Oh dear. As you can guess dear reader we were a little disappointed with Linux support. We fired up an Ubuntu 18.04.1 USB stick and installed to a spare 2242 SSD. Ubuntu booted and we had keyboard, mouse, correct screen resolution and Bluetooth. But then we noticed no WiFi, touchscreen or rotation sensor. No problem, we connected the USB C dongle and connected to the web via Ethernet. Looking up the WiFi drivers first, the WiFi is the same chip as present in the Teclast F7 (Intel AC 3165) and following the guidance on Intel’s site we installed the firmware and loaded it ready for use. A quick reboot and nothing ... no devices found. We tried this a few times, renaming firmware files and tinkering with the configuration, but alas no WiFi. The same result was met when searching for drivers for the touchscreen. Apparently, the touchscreen was supported in an older Linux kernel, but not in the newer kernels. Why this is so, we do not know.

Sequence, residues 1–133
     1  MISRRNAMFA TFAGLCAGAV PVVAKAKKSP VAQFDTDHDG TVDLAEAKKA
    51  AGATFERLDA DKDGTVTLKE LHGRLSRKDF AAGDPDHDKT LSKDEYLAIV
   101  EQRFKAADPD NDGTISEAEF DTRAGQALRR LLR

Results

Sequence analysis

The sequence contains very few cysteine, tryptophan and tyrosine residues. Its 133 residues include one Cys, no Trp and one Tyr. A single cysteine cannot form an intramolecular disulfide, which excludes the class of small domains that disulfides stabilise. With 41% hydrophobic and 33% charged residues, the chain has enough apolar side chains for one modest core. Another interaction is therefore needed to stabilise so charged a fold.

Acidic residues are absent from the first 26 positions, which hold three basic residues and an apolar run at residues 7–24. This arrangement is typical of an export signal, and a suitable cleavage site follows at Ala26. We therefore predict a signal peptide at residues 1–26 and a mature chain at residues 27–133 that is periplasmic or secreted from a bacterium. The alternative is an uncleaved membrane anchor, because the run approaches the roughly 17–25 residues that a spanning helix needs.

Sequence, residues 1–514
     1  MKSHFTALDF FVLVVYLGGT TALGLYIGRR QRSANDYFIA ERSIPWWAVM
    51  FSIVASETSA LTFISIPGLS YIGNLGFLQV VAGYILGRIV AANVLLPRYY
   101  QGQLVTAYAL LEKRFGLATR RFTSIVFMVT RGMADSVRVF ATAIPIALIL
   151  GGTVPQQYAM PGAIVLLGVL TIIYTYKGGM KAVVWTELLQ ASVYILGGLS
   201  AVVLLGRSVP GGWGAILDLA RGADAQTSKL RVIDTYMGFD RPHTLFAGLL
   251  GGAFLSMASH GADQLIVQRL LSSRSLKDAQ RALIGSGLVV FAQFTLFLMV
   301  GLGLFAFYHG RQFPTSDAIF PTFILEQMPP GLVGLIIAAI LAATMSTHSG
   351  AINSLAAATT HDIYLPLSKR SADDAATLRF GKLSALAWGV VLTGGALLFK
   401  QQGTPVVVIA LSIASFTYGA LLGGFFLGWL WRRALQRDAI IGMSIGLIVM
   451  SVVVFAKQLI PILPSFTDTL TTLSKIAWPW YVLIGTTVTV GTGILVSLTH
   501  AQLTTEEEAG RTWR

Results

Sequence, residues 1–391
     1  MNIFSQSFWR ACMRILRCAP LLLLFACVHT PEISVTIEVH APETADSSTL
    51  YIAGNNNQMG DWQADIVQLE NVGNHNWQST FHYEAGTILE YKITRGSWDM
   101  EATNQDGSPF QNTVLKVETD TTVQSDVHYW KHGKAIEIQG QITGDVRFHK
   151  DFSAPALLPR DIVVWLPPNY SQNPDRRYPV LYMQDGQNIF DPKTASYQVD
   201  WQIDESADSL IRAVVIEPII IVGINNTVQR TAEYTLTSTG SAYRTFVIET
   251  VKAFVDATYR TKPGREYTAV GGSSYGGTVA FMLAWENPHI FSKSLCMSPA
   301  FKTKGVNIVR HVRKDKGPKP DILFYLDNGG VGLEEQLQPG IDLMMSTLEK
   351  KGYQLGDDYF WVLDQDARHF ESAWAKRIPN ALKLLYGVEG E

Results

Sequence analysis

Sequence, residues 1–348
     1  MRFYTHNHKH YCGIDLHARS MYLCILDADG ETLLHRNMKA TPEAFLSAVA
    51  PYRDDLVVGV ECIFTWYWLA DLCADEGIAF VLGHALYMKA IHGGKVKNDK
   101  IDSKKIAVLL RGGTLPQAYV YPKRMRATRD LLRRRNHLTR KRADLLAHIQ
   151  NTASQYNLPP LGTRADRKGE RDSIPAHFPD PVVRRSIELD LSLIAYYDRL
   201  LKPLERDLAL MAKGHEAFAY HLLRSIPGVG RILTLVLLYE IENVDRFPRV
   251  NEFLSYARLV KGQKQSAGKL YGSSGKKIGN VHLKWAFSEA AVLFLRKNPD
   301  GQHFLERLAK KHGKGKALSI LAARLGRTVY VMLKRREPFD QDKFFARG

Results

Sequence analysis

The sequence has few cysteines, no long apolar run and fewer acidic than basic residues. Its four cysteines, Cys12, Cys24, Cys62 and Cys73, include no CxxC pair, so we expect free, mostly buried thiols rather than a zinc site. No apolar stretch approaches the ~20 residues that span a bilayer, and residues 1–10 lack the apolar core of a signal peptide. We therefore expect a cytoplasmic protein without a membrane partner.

To make sure that it wasn’t just Ubuntu, we tested Linux Mint and Manjaro and the same issues befell us there. We shall not be giving up on this, but for the purposes of this review we have to state that the Teclast F5 is not suitable for Linux users, a real shame!

Are you not entertained?

So is the Teclast F5 any good for entertainment? Yup! We ran Netflix and forced ourselves to watch a few episodes of Designated Survivor and they all streamed quickly with very good picture quality.

Youtube videos at 1080p 60fps ran smooth and the WiFi (5GHz AC) kept up with our demands for more Big Clive teardown videos and TheRadBrad Shadow of the Tomb Raider videos.